Fortunately, I just finished the processing of 218 Sentinel-2 dates from 2015-Dec-04 to 2018-Apr-10 of tile 32TNS with our let-it-snow processor. I did this off-line production for a colleague because, as of today, Theia only distributes the snow products after July 2017 in this region of Switzerland (see the available products here).
A quick way to check the output is to compute a snow cover probability map: that is, for each pixel, the number of times that snow was observed divided by the number of times that the snow could be observed.
To compute this map we just need to know that the Theia snow products (LIS_SEB.TIF raster files) are coded as follows:
205: Cloud including cloud shadow
254: No data
Here is a piece of script to do this:
# initialize snow.tif with zeros
# store in Byte because we have less than 255 dates
f0=$(find . -name LIS_SEB.TIF | head -1)
gdal_calc.py --overwrite -A $f0 --type=Byte --calc=A*0 --outfile=snow.tif
# accumulate snow pixels in snow.tif
for f in $(find . -name LIS_SEB.TIF)
# snow is coded with 100
gdal_calc.py --overwrite -A $f -B snow.tif --type=Byte --calc="B+(A==100)" --outfile=snow.tif
# now do the same for clear.tif
gdal_calc.py --overwrite -A $f0 --type=Byte --calc=A*0 --outfile=clear.tif
# accumulate clear pixels in clear.tif
for f in $(find . -name LIS_SEB.TIF)
# only snow and no snow are coded with values lower than 101
gdal_calc.py --overwrite -A $f -B clear.tif --type=Byte --calc="B+(A<101)" --outfile=clear.tif
# Finally compute the snow probability in % (100.0* makes the calculation in float)
gdal_calc.py -A snow.tif -B clear.tif --type=Byte --calc="(100.0*A)/B" --outfile=snowProba.tif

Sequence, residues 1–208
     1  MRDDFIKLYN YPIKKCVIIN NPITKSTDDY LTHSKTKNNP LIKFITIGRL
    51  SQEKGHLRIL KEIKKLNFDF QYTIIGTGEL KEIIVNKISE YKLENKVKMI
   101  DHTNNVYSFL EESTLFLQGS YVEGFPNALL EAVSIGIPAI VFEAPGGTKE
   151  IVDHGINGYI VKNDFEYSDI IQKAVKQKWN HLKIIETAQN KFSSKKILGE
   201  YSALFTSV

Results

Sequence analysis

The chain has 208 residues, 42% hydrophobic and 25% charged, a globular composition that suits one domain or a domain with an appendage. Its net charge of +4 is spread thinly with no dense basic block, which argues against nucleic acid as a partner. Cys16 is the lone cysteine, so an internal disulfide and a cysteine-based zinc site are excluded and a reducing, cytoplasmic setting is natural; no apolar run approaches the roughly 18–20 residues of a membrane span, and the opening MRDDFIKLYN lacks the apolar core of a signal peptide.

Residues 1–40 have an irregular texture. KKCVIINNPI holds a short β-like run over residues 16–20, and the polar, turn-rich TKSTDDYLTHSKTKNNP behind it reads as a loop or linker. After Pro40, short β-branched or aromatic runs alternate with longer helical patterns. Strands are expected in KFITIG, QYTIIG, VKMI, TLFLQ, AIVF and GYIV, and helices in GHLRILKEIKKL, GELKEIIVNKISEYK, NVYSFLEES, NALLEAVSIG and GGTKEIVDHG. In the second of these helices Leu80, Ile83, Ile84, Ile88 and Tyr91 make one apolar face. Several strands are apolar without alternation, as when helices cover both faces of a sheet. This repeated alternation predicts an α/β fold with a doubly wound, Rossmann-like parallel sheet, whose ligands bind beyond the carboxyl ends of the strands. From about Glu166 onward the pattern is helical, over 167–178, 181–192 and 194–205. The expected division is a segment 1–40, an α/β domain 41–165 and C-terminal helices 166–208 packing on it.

This is the output:
The images are scaled from 0 (black) to 100 (white). The units are number of days for snow and clear, percentage for snowProba.
From which you can map the odds to find snow near St. Moritz (click on the image to animate)!
Theia just published the first Venµs images today, including a beautiful view of the Pyrenees. Once you have dezipped/untared/unzipped the files you can make a true color composite using the command:
gdal_translate -b 7 -b 4 -b 3 -scale 0 300 0 255 -ot byte VE_VM01_VSC_PDTIMG_L1VALD_ES_LTERA_20180419.DBL.TIF myColorCompo.tif
I tend to focus on the snow so I stretched the colors between reflectances 0-1000 instead of 0-300:
gdal_translate -b 7 -b 4 -b 3 -scale 0 1000 0 255 -ot byte VE_VM01_VSC_PDTIMG_L1VALD_ES_LTERA_20180419.DBL.TIF mySnowColorCompo.tif
First, I was a bit puzzled by the orange shade in the northern part of the image. We inspected carefully the image with Olivier because at this stage radiometric calibration issues are still possible..
Le 1er avril est le moment privilégié par les hydrologues pour caractériser le potentiel hydrologique du manteau neigeux. Dans le cadre de l'OPCC  nous avons compilé différents indicateurs  :
- L'équivalent en eau du manteau neigeux dans les sous-bassins pyrénéens du bassin de l'Ebre est calculé par la Confederación Hidrográfica del Ebro (agence de bassin) à partir d'observations MODIS, des données météorologiques, et un modèle de type "degré-jour" (la fonte est proportionnelle à la température de l'air).
The ESA website featured this Sentinel-2 image of a large and thick plume of dust off Libya (click here to view in the Sentinel-Hub)
Contains modified Copernicus Sentinel data (2018), processed by ESA, CC BY-SA 3.0 IGO